Remote learning during the pandemic has raised questions such as when school is in session and what happens when students trade messages on social media at the same time they are signed on to school Zoom or other remote platforms.

And the district argues that participants in extracurricular activities should essentially be held to a higher standard.

“This court should not transform disputes over the inner workings of school sports and extracurricular activities into [civil rights] lawsuits for money damages,” the brief says.

And for all that Levy’s case implies for the social media age and even the era of remote learning, the Mahanoy district points out that schools have regulated students’ off-campus behavior going back to at least the 19th century. It cites an 1859 decision by the Vermont Supreme Court that upheld the whipping of an 11-year-old pupil who had referred to his teacher as “old Jack Seaver” when the boy and his friends spotted the teacher in town, hours after school had let out.

“Such ‘jurisdiction, out of school hours and beyond school premises, is claimed ... because the great objects of discipline and of moral culture would be frustrated without it,’” the district says, quoting the educator Horace Mann.

The school district has received support in the form of friend-of-the-court briefs from President Joe Biden’s administration as well as numerous national groups representing school boards and school administrators.

Advocates fear a ‘dangerous restriction’ on speech

The ACLU argues on behalf of Levy that concerns about schools being unable to respond to off-campus threats of violence or online bullying are overblown. The 3rd Circuit decision already made clear that its bright-line rule about Tinker not applying to off-campus speech did not necessarily cover threats or harassing speech, the organization says.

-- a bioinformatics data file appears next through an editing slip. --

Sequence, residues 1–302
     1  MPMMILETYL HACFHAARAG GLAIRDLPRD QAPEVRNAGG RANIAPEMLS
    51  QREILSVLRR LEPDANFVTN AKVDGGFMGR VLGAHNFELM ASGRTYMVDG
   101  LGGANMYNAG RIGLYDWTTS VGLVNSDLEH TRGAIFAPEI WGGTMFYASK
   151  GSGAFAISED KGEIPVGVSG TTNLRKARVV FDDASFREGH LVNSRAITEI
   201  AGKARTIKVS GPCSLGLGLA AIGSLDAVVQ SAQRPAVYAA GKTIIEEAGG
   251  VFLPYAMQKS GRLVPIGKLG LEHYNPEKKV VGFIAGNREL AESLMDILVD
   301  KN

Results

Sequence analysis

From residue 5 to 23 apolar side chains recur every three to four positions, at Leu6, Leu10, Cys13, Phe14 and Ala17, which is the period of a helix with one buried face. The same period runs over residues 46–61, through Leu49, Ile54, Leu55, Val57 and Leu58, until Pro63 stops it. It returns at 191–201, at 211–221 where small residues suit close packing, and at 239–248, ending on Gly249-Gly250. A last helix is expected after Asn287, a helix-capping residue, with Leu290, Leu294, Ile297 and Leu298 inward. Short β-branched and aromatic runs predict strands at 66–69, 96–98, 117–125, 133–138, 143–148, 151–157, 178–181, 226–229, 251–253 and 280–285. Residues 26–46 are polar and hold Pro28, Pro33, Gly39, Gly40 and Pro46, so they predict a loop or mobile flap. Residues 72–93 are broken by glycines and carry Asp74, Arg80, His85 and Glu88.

The ACLU proposes a broad definition of the “school environment,” where school officials would retain authority to discipline student speech.

“The school environment includes all times when the school is responsible for the student, including on campus or its immediate environs during school hours, at a school-sponsored or -supervised event, on a school-sponsored website, while en route to or from school, or even from students’ own homes if they are engaged in school-sponsored remote learning or using a school laptop issued for school work,” the brief for Levy says.

When it comes to “where the school’s authority starts and stops, we actually don’t think this is a very difficult proposition,” said Walczak, of the ACLU of Pennsylvania.

The school district seems to be arguing that “if you are a public school student you are subject to this restriction wherever you go at any time of day,” Walczak said in the interview. “This would be a tremendously dangerous restriction on the free speech rights of young people. And it would also interfere with the rights of parents, who have an independent constitutional right to direct and control their children’s upbringing.”

Levy has the support of John and Mary Beth Tinker, the siblings at the center of the case that bears their name, as well as religious liberty groups, teachers, and hundreds of students who serve on public school boards.

Levy graduated from Mahanoy High last year amid the pandemic, and she now works part-time and attends Bloomsburg University of Pennsylvania, where she is studying accounting.

With her court order restoring her to cheerleading, Levy remained on the team throughout high school. She mostly avoided talking to those teammates who were upset over her 2017 Snapchat post, she said.

Thinking about her involvement with a case that is now going before the Supreme Court, Levy said: “I appreciate what I’m doing to help other students and other young people just like me to have their rights as well. I think it’s a good thing what I’m doing.”

A version of this article appeared in the April 14, 2021 edition of Education Week as How a Cheerleader’s Snapchat Profanity Could Shape the Limits of Students’ Free Speech